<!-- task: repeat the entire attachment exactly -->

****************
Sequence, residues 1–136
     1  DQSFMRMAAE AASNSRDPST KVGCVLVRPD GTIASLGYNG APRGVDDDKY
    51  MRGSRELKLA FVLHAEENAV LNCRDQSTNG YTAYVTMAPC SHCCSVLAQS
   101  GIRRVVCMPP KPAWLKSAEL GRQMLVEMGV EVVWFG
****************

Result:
Sequence, residues 1–136
     1  DQSFMRMAAE AASNSRDPST KVGCVLVRPD GTIASLGYNG APRGVDDDKY
    51  MRGSRELKLA FVLHAEENAV LNCRDQSTNG YTAYVTMAPC SHCCSVLAQS
   101  GIRRVVCMPP KPAWLKSAEL GRQMLVEMGV EVVWFG